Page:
UK users risk billions on unsecured websites

Internet users in the UK are risking billions of pounds by sharing personal data on poorly protected websites, according to a YouGov survey.

A figure of 361 billion was said to be at risk, with the average UK consumer worth 10,077 online. This was the total value of an individual person's online accounts, which would include those for banking and shopping.

"It's really staggering to think that we are worth that much," said Jon Kerr, SSL manager of VeriSign, who published the research.

"If businesses are to benefit from online commerce, they need to present themselves to the consumer as a safe and secure site."

UK users were becoming more confident about sharing their personal information. The research said that 65 per cent now shared details with their online bank, 58 per cent with online retailers and 31 per cent comfortable with leaving details on social networking sites like MySpace and Facebook.

However, online details were more at risk of being stolen as UK users were willing to share confidential details which could be used for fraud. This was shown with 75 per cent giving away their date of birth, 70 per cent their home address and 68 per cent their mother's maiden name.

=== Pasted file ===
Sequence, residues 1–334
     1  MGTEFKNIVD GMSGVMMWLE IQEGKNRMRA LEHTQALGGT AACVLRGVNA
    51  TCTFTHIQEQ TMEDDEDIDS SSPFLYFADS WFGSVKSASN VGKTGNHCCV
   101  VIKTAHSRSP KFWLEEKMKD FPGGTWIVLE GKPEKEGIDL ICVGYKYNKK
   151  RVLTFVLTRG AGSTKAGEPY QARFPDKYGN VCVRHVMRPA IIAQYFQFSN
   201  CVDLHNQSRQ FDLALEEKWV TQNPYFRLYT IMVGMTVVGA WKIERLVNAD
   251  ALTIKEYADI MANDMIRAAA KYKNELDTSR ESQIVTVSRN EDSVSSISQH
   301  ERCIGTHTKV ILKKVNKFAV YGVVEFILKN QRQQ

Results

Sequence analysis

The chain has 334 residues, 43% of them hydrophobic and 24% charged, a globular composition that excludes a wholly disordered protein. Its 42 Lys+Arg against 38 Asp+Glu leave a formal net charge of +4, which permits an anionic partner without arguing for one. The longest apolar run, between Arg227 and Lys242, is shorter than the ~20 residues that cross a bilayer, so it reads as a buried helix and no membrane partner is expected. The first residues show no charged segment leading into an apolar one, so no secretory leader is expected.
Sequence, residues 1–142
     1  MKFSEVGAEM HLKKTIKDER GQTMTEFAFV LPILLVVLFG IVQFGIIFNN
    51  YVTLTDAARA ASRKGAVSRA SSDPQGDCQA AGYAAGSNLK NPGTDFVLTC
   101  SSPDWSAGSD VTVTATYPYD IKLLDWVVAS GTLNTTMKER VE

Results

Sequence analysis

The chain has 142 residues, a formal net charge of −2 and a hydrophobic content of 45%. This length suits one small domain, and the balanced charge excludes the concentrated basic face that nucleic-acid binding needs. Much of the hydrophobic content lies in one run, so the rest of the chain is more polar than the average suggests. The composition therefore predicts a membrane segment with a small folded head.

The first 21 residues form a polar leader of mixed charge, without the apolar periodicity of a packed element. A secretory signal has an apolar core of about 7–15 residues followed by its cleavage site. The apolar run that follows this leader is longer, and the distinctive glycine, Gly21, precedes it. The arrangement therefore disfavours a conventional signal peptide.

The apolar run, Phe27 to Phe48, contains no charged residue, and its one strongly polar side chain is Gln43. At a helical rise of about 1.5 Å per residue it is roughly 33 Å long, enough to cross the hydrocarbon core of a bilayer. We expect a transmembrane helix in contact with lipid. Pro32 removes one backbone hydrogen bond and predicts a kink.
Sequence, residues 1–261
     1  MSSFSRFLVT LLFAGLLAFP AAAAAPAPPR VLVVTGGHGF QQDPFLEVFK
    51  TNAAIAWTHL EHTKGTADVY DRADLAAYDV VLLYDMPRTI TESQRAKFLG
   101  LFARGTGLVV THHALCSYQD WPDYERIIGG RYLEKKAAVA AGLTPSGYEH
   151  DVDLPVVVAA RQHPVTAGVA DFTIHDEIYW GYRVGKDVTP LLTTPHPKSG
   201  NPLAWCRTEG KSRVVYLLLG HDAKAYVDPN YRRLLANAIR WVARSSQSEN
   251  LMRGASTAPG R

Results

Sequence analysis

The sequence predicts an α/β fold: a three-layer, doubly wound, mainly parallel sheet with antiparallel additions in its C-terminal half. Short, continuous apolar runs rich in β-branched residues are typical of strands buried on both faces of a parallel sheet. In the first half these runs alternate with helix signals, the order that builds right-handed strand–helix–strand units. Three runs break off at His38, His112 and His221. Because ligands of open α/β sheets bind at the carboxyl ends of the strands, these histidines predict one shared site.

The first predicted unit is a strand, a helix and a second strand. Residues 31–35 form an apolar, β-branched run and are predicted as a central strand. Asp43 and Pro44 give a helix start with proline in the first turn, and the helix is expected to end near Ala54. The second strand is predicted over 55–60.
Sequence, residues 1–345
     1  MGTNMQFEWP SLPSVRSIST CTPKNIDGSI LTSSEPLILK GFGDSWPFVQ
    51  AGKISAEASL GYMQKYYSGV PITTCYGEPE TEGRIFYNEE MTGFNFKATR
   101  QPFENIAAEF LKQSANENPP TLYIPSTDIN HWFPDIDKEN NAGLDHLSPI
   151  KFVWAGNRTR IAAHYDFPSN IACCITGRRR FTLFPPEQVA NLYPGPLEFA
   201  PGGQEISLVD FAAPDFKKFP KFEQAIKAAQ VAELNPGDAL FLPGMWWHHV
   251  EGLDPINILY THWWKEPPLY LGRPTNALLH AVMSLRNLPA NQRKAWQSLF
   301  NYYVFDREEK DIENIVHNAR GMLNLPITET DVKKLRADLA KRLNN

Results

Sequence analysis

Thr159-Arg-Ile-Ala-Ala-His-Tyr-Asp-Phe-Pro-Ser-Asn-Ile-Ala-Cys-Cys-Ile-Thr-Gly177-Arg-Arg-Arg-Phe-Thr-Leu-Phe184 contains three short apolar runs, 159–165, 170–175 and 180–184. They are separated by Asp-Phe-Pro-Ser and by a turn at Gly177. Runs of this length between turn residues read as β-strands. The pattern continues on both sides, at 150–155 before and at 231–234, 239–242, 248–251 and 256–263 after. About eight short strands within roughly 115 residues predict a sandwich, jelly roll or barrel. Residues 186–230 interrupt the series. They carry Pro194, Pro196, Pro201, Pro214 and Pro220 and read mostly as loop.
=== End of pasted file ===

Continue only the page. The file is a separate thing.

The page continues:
UK internet users' trust was surprising as 79 per cent were worried about identity theft, while nearly half (43 per cent), have experienced identity fraud or knew somebody who had been.

"It's no surprise that online banks and retailers are some of the most popular targets for identity theft since so many personal details are required by users," Kerr said.

"As online transactions increase, we need to acknowledge the importance of both technology and consumer behaviour in protecting personal details and monetary assets online. It's clear that each of us is a target."

The research indicated that internet users relied on brand names as places they knew, although they were often the main targets for identity fraud.

"Consumers need to look for more than just a padlock sign. There are various other different security cues which they should look at on websites," said Kerr